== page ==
My Commentary of 5 June suggested that the ANU should explain if programs funded by Arab money are free from attempts to persuade students of the benefits in the Koran. It appears that so far there has been no such explanation and Vice-Chancellor Schmidt has refused to interview The Australian’s rep (see ANU’s Program on Arab/Islamic Studies). However, according to The Australian report, the ANU’s Centre for Arab and Islamic Studies “has been at the forefront of contentious discussions around Middle Eastern politics and society with minimal backlash from its ­academics” and has received “sizeable donations from the United Arab Emirates and the governments of Iran and Turkey, frequently publishes ­articles supportive of a Palestine state and Iran, hosts lectures on ‘deconstructing the extremist narrative’ and ‘Islamophobia in post-communist Europe’, and has featured guest speakers who are critical of US policy”.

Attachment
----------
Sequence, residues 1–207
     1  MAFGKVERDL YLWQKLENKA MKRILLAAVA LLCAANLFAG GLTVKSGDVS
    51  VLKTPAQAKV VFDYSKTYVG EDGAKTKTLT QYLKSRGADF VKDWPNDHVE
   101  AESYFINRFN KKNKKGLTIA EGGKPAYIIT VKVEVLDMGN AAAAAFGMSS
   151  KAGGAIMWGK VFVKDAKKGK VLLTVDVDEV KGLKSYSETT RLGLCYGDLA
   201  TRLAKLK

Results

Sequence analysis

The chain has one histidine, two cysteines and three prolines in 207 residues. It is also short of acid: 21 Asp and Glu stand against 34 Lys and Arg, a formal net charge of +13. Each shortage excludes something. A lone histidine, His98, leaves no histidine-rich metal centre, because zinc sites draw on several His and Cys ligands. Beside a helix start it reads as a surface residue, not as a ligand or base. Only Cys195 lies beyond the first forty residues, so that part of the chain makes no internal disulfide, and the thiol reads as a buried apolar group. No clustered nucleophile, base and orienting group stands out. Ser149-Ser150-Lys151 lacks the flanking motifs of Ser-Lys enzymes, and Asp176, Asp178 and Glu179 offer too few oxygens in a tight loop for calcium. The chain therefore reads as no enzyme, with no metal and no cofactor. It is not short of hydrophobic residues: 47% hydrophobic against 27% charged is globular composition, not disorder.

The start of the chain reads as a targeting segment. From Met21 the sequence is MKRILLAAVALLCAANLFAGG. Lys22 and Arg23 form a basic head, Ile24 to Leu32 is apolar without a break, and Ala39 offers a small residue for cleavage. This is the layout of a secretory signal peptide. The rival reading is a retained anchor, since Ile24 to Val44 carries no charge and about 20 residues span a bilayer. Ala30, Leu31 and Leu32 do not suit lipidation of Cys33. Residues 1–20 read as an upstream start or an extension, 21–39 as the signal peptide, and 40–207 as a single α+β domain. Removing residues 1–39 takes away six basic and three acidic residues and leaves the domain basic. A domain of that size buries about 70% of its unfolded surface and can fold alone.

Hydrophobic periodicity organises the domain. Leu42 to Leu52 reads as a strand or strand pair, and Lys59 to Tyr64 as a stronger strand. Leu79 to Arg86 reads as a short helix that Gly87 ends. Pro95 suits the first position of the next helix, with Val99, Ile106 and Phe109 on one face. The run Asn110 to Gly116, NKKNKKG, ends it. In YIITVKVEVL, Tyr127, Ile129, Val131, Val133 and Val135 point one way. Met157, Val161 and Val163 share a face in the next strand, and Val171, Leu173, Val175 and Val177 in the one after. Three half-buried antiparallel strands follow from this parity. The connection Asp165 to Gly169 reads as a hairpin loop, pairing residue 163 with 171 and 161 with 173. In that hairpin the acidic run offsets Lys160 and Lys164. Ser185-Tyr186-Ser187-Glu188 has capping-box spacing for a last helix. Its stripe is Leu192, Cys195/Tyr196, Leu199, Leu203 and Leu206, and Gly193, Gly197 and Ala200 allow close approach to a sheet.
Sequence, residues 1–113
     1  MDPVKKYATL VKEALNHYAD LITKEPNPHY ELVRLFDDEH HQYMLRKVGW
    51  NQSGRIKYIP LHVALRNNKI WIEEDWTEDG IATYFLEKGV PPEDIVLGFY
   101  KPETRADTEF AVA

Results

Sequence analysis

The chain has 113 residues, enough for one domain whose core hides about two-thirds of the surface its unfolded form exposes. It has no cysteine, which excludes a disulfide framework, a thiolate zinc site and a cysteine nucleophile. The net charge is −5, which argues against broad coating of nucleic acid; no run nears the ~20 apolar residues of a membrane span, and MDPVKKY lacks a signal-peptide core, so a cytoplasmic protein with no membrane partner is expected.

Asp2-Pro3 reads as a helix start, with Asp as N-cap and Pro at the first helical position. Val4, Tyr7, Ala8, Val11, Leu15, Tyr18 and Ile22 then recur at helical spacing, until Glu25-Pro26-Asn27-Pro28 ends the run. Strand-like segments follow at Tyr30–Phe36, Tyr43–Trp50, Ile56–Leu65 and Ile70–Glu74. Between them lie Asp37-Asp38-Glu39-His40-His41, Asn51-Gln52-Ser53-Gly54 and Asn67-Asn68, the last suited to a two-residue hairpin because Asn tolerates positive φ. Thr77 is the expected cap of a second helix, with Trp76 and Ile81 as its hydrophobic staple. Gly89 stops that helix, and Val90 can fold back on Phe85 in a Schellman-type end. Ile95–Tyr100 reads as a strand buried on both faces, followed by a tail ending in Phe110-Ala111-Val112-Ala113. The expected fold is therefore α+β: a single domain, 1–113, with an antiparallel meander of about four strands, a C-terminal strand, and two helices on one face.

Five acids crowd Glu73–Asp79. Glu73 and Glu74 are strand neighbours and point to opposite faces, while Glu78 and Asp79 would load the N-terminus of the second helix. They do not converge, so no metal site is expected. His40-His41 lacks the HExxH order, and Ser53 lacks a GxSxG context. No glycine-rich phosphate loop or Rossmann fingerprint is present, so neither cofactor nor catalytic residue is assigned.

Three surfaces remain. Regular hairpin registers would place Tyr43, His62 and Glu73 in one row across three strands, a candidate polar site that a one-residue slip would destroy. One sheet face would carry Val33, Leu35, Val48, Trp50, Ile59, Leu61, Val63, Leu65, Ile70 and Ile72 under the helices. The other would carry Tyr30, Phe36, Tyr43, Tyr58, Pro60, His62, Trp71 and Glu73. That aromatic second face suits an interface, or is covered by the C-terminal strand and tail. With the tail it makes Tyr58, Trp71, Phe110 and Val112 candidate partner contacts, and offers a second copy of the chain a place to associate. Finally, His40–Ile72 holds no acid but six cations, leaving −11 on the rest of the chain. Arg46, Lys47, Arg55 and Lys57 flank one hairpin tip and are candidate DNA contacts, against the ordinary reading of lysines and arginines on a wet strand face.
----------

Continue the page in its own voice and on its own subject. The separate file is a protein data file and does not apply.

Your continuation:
22
Mar
2018

Greens Policies & Labor’s Problem in Vic

The Greens leader’s attempt to “explain” his party’s loss of votes in recent elections has led him down a track which could result in his displacement as leader. His response has been to bring back into public debate the extremist view of Greens that climate change causes many of the problems which society faces. On this occasion the problem is bushfires and the alleged failure of the Turnbull government to take sufficient action to reduce CO2 emissions.
12
Mar
2018

Climate Change Debate on Q&A & in The US

The ABC ‘s Q&A program tonight has a panel discussing global warming and Tim Flannery will be on the panel, but apparently with no skeptics. Below Andrew Bolt suggests some questions that might be posed to Flannery. Also below is a report on a public debate which occurred recently in the US between two experts on climate change with different views. Note in particular the different rate of increase in electricity prices between the US state which has a high usage of renewable and the rest of the US.